With the current state of the economy, it’s not surprising that there’s has been a significant down turn in the financial well being of many golf courses across the country and the golf industry in general. Myrtle Beach, South Carolina has long been a top golf U.S. golf destination. The Grand Strand has boasted more golf courses per square mile than anywhere else in the country and is the home to premier courses designed by Greg Norman, Tom Fazio and Pete Dye. However the economy is turning this once booming golf resort town into a ghost town of fairway, greens and empty clubhouses. The following is an excerpt from an article by the Myrtle Beach Golf Association.
Prior to the economic crash, the Myrtle Beach golf industry had been in a steady decline since 1998, culminating in the loss of over one million paid rounds of golf annually; the closing of 23 golf courses and the loss of over 2,000 golf industry jobs. Well 2008 was the worst year yet, and 2009 is expected to be far worse! Since 1998, the incompetence of the area’s self-proclaimed marketing gurus, Myrtle Beach Golf Holiday, and their stumblebum ad agency, along with sleazy hoteliers, many of whom you can find listed in the Myrtle Beach Golf Association’s Lodging Basement, have virtually decimated the once flourishing Myrtle Beach golf industry. While the litany of these bunglers and fly-by-nights’ decade of incompetence, moronic screw-ups, mountains of non-stop financial extravagance and rampant waste, along with their 1950’s era marketing, could easily fill another separate website, the most recent and most costly squandering of the area’s precious marketing dollars – since Golf Holiday’s estimated $10 million dollar debacle that was the PGA Tour – Energizer Senior Tour Championship, and their subsequent fiasco of building what became an even bigger money-pit, the TPC of Myrtle Beach, which they blew an estimated $20 million dollars on – was a multi-episode joke that they produced in conjunction with Golf Channel, where it was also aired. This comedy was a hammy travelogue of dopey and embarrassing episodes called “The Myrtle Beach Road Show,” which almost overnight was dubbed “The Myrtle Beach Road Kill” by golfers and golf industry movers and shakers alike. Did we mention that this disaster cost the Myrtle Beach golf industry an estimated $1.3 million dollars. We had hoped that things would turn around for the remaining Myrtle Beach golf courses, and for a while it appeared that they were, but despite the tripling of the Myrtle Beach golf advertising and marketing expenditures the Myrtle Beach golf industry continues to flounder, when, in fact, they should be doing much better. Add to all that, no Tiger, nobody watching golf on TV and the economy in a mess, and getting worse by the minute, and the outlook for Myrtle Beach golf is, at best, “shaky".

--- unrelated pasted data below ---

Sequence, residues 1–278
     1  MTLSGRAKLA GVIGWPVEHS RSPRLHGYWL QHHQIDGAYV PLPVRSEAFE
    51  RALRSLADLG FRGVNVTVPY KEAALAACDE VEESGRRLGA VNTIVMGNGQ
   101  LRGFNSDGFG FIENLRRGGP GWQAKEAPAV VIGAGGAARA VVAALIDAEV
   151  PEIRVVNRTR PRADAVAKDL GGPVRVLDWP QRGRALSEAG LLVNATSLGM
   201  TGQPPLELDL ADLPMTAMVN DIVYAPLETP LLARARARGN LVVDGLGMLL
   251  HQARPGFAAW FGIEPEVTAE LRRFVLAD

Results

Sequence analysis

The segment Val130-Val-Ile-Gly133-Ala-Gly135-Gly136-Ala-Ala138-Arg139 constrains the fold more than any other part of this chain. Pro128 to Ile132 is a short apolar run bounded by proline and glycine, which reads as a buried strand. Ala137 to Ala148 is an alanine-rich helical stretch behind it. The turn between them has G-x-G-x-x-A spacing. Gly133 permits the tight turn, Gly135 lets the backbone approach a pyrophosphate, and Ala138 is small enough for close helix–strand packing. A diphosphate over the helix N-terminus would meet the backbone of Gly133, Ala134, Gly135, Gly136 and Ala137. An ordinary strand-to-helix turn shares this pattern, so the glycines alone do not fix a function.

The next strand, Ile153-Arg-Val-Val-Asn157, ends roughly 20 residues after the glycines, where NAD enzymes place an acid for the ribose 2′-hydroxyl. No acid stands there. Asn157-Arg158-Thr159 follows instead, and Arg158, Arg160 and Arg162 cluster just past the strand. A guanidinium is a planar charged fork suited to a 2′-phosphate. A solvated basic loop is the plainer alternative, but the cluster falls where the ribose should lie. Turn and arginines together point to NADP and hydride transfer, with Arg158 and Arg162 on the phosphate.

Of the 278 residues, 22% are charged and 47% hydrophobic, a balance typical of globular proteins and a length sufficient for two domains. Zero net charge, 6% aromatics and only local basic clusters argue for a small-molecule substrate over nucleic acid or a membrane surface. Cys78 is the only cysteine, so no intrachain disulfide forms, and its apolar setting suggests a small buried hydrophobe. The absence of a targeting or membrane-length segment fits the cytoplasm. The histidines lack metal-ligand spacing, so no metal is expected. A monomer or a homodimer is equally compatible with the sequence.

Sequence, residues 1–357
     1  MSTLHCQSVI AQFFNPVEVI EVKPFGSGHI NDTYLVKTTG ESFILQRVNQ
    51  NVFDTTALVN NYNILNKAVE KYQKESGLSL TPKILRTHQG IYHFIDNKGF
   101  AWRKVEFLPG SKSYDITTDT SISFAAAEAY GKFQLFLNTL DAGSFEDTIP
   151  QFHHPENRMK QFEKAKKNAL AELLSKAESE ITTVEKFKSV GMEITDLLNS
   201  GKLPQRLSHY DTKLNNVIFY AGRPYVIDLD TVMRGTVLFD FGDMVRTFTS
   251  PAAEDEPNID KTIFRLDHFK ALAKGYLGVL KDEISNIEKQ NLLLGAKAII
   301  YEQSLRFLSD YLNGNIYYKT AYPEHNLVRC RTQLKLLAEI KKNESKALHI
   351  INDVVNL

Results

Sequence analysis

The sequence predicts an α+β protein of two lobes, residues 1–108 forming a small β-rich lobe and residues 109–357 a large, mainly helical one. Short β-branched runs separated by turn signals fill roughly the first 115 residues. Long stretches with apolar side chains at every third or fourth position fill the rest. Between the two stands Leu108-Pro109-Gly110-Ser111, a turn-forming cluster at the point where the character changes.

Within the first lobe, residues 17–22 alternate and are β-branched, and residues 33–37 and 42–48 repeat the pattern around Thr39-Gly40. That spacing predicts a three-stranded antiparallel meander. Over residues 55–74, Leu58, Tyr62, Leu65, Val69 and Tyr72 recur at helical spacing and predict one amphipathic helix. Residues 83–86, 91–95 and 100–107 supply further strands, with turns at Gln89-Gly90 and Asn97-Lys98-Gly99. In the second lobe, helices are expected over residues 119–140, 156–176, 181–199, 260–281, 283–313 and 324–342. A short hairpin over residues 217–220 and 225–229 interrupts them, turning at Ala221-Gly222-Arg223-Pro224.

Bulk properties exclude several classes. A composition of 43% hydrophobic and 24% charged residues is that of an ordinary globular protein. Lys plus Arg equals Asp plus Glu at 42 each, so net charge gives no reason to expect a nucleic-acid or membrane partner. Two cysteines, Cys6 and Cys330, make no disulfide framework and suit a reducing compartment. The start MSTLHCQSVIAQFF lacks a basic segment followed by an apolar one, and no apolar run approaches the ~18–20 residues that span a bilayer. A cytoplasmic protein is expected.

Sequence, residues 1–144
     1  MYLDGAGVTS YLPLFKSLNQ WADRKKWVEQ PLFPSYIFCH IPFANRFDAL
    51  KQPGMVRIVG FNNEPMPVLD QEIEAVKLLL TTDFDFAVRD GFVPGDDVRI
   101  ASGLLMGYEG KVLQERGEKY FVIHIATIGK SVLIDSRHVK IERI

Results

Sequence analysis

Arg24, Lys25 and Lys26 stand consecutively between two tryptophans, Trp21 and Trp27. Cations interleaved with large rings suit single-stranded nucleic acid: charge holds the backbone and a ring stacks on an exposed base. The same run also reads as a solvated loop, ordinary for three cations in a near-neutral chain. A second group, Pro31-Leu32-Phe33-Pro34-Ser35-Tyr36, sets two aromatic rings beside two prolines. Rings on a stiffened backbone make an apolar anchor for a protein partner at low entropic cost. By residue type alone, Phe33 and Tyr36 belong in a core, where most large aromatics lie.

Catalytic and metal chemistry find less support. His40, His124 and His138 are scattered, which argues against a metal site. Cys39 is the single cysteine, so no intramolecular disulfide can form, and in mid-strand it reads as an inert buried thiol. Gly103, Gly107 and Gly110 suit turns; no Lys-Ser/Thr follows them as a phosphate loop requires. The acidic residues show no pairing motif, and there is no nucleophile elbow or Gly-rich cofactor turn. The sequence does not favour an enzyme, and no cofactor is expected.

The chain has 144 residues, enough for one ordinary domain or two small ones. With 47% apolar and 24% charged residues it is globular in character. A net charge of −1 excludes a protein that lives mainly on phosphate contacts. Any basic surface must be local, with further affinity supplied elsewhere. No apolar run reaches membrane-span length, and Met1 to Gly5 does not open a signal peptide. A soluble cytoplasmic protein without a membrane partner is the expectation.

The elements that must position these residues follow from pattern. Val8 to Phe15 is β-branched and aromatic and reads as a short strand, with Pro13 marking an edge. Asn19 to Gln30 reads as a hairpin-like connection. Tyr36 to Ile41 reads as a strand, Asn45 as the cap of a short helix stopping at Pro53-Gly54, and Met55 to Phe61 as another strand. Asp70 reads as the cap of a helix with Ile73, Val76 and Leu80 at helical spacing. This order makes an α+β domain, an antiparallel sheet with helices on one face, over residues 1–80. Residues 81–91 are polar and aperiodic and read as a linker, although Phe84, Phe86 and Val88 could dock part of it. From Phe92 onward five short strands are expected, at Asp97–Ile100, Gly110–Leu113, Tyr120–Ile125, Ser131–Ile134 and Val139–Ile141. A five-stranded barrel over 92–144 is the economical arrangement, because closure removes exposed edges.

If you’ve been to Myrtle in the past year, I’d be curious to get your take on the situation down there.